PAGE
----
Food Safety: Eat for Health, Not Sickness

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One of the best trips I ever took was an epic hike along the Inca Trail in Peru. I worried about a lot of things on this expedition: tarantulas, altitude, sunburn, insects, and rainstorms. At one point in the hike, our guide held onto my backpack to keep me from falling down the 3,000-foot cliff next to the trail so I could evacuate the lunch I had eaten. About that time I realized I should have been most concerned about how the food we were eating was being stored and prepared with no refrigeration. Food safety isn’t just a concern in the South American jungle, it’s something everyone should be aware of.

The CDC estimates that 1 in 6 Americans (48 million people!!) get sick, 128,000 are hospitalized, and 3,000 die of foodborne diseases annually. From the grow facilities to the shipping companies to the stores and restaurants to the end consumer, we all need to work together to reduce this risk.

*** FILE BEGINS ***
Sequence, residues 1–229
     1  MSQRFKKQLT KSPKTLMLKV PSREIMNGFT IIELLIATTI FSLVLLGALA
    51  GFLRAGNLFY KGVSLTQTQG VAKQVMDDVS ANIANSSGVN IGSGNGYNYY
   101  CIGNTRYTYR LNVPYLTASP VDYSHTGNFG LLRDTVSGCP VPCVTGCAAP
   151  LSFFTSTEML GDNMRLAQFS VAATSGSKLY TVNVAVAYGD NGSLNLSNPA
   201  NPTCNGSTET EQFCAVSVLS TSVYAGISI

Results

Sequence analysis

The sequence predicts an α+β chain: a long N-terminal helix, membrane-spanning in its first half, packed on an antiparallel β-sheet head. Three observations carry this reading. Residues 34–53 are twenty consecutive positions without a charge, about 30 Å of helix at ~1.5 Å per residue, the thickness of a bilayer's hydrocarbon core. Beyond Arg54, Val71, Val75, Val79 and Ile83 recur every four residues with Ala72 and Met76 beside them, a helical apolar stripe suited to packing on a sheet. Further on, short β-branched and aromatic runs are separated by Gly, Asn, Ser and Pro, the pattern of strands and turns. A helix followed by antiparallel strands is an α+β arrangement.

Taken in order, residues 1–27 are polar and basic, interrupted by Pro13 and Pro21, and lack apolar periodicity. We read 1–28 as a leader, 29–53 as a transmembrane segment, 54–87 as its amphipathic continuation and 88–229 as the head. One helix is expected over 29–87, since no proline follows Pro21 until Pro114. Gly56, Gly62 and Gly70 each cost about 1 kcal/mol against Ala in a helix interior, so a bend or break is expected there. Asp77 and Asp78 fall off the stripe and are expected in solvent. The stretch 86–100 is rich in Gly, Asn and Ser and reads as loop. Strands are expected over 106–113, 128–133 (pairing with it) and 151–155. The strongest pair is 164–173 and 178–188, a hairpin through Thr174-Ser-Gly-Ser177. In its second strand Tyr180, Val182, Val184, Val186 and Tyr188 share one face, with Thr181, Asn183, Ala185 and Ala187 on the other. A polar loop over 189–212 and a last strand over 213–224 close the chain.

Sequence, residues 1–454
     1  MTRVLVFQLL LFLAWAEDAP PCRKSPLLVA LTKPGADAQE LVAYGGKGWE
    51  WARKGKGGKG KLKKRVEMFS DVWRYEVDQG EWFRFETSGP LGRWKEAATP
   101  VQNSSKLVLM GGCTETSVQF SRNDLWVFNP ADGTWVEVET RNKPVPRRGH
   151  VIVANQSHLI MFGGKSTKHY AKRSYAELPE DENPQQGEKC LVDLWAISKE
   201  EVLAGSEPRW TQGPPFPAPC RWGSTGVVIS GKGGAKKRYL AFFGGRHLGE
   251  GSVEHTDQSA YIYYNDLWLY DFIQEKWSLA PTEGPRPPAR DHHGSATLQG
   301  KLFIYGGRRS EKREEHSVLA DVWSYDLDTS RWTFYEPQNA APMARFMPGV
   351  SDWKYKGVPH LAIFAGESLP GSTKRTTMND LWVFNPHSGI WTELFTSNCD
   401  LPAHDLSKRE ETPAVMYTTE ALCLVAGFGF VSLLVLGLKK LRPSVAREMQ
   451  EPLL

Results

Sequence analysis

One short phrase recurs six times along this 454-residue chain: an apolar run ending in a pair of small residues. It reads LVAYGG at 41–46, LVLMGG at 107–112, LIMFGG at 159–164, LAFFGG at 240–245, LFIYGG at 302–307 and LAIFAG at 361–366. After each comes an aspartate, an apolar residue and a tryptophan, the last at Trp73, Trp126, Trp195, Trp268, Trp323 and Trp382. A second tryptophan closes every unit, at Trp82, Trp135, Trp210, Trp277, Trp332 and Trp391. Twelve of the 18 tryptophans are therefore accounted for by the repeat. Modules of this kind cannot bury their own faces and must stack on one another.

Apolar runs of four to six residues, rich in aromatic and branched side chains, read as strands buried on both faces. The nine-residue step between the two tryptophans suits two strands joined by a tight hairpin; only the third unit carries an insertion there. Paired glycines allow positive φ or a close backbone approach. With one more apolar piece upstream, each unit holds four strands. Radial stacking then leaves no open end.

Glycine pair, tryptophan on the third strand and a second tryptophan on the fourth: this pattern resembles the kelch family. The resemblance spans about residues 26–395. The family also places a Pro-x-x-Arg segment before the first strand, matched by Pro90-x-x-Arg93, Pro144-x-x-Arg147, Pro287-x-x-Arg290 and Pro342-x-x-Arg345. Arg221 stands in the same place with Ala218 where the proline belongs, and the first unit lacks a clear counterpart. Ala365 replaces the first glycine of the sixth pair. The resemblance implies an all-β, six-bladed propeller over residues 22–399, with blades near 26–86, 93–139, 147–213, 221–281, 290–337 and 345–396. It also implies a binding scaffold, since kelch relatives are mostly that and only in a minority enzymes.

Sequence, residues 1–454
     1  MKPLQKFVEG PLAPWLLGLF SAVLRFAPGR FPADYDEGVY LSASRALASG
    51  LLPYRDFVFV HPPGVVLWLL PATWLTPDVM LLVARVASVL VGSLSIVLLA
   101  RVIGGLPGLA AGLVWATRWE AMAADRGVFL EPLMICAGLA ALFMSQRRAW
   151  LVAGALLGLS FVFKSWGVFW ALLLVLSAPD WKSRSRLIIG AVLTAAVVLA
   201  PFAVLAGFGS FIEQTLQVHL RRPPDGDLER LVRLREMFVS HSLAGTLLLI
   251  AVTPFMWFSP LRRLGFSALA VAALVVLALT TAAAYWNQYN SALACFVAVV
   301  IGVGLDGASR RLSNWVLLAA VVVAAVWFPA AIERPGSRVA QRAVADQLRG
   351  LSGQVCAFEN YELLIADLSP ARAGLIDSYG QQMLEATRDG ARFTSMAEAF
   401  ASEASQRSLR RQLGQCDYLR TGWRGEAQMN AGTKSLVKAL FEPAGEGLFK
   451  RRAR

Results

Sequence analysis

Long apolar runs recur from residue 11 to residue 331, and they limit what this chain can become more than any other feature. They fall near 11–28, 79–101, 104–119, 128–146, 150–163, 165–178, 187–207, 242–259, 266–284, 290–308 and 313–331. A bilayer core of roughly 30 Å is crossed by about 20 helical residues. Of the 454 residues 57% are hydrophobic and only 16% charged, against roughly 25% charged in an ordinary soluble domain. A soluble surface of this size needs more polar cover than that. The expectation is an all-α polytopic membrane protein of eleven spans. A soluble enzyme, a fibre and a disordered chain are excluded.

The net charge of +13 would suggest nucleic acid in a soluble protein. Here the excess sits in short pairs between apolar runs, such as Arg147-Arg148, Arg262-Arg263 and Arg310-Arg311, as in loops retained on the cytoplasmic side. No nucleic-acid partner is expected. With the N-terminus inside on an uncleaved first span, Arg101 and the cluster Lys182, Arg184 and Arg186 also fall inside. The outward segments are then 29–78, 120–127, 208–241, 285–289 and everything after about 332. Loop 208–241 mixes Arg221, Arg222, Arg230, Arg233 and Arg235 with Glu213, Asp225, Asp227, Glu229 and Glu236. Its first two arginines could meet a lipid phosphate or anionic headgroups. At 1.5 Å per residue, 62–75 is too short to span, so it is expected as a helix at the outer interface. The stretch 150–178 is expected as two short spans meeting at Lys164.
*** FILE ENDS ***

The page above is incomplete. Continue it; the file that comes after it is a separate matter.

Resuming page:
Produce causes the highest number of illnesses, but meat and poultry cause the most deaths. The most common culprits of these illnesses are the norovirus and salmonella. Norovirus is a very contagious virus that causes vomiting and diarrhea. Salmonella is a bacteria spread through the same methods with similar symptoms. Anyone can get infected through contact with an infected person, consuming contaminated food or water, or touching a contaminated surface and putting unwashed hands in your mouth.

Any business that serves food needs to prioritize safe food handling, preparation, and service procedures. Wash hands and food preparation surfaces often. Separate foods by category and use separate cutting boards. Cook foods to a safe internal temperature. Check foodsafety.gov for a detailed list of foods and temperatures. Refrigerate foods promptly and thaw frozen foods in the fridge. Follow the same steps when cooking at home.

As a consumer, make an effort to determine if the food you are eating is safe. Check restaurants’ inspections scores, look for food safety training certificates and procedures (employees wearing gloves), order food properly cooked and refrigerate leftovers within two hours. When in doubt, ask your server about preparation techniques. Clean and rinse produce from the grocery before eating as it’s been handled several times from harvest to your kitchen.

We all need food that can safely provide essential nutrients to our diets. If we’re all looking out for each other throughout the food chain, we can get back to worrying about more exciting things like tarantulas.

Source: https://www.cdc.gov/foodsafety/

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